As an Apprentice is an official employed status the same laws apply as with any other job. The exception is that an Apprentice’s training must be included within the maximum hours worked, including time spent at college. The Working Time Directive sets out clear guidelines on how many hours an employee works:

  • Workers aged under 18 can’t work more than 8 hours a day or 40 hours a week, and must have 2 consecutive days off work.
  • Workers aged 18 and over can’t work more than 48 hours a week on average – normally averaged over 17 weeks, and do not require consecutive days off work.

There are plenty of job vacancies available that allow employees to take their own horse with them to the job. Many employers will accommodate a horse free of charge, others will charge a livery fee – discuss this with a potential employer when searching for Apprentice Groom Vacancies, and ensure the financial aspects are detailed in your Written Statement of Employment Particulars (employment contract).

Yes. Many Equine Apprentice vacancies are “live in” jobs. However, if you are under 18 years of age the employer must seek your parent’s/guardian’s written consent for you to live away from home.

Yes, but there are no guarantees that individual vacancies will still be open by the time you’re available to start the job. Stay in touch with any employers you’re in conversation with, and contact us with any queries and for guidance throughout your job seeking process.

Yes. Because an Apprentice is an official employment status, all employment laws apply, including the requirement to be issued a Written Statement of Employment Particulars (the “employment contract”) within 2 months of starting work. You can read more about the Written Statement of Employment Particulars here.

No. An Apprentice is an official employment status and all employment laws are applicable to the job role.

No. Either employee or employer can give notice in the normal way for any employment situation. Your apprenticeship can be transferred to a different employer and the employer can replace you with a new employee. However, you must have valid reasons for terminating an Apprenticeship and not simply decide that you no longer wish to continue with it. Speak to us for more information on this.

Add your Jobseekers Profile to The Apprentice Grooms Directory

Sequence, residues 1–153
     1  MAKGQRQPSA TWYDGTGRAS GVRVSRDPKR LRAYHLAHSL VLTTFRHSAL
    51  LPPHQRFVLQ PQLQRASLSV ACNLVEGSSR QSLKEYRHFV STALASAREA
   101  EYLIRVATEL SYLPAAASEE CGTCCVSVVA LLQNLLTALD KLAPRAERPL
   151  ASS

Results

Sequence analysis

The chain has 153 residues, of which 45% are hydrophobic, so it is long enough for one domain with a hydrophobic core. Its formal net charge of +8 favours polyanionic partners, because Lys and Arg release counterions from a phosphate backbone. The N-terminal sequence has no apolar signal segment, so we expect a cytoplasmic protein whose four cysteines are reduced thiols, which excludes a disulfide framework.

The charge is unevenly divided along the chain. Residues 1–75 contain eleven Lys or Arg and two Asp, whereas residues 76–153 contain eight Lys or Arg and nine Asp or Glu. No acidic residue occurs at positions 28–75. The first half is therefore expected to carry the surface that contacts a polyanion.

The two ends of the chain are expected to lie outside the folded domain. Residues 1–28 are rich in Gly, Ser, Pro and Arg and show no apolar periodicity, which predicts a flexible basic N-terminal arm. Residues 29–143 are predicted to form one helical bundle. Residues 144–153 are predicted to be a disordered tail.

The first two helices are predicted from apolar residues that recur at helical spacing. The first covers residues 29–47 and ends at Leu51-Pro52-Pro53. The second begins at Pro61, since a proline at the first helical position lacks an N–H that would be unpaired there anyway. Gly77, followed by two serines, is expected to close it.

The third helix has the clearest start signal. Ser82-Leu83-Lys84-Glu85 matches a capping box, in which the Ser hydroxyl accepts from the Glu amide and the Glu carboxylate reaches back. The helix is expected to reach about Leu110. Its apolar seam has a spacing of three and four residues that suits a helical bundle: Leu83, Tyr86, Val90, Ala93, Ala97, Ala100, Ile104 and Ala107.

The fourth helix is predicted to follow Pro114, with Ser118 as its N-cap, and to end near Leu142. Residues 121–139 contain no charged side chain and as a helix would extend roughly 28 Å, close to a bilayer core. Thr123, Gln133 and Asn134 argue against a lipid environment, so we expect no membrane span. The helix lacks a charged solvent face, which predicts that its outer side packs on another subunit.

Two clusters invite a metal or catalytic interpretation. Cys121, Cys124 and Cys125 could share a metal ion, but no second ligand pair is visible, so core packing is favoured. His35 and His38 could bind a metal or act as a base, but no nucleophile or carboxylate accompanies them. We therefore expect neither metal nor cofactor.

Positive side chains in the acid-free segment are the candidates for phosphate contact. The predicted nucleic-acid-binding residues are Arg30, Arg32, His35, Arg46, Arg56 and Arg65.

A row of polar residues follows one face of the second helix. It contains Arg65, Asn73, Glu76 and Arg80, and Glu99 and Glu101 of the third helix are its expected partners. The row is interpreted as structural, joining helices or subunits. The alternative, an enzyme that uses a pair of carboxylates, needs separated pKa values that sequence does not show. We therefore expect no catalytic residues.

Add your Jobseekers Profile to The Grooms List Apprentice Grooms Directory – completely free of charge! Search, save, and apply for jobs whenever you like from any device, even your mobile phone. Set up Job Alerts and receive an email each time a new job is added that meets your requirements. Contact us for advice at any time throughout your job hunt.

Who are we and why use us to find an Apprenticeship?

Employing an Apprentice Groom
The Grooms List by Caroline Carter Recruitment is invested in the Grooms of the Future via Apprenticeships.

  • We have partnered with Educ8 Group to deliver world-class Apprenticeship programmes via a highly experienced team of trainers/coaches who can deliver a comprehensive range of equine apprenticeships for all ages and levels of experience. Find out more about our partnership with Educ8 Equine here.
  • With established relationships with employers and job seekers alike, we are the go-to recruitment advisers in both the UK and overseas for equine job seekers.
  • We offer one-to-one, impartial, no-obligation careers and recruitment advice to job seekers throughout their equine career, from finding their very first job, building their CV, making the right moves at the right time.

Further reading


Caroline Carter Recruitment Ltd
The Stables
Fildyke Road
SG17 5LU
0203 006 5730 / 07747 686 118

Registered company number 10657796good site
Caroline Carter Recruitment Ltd is registered with the UK Information Commissioner as a data controller with registered number ZA250621


The Grooms List by Caroline Carter Recruitment in partnership with Educ8 Equine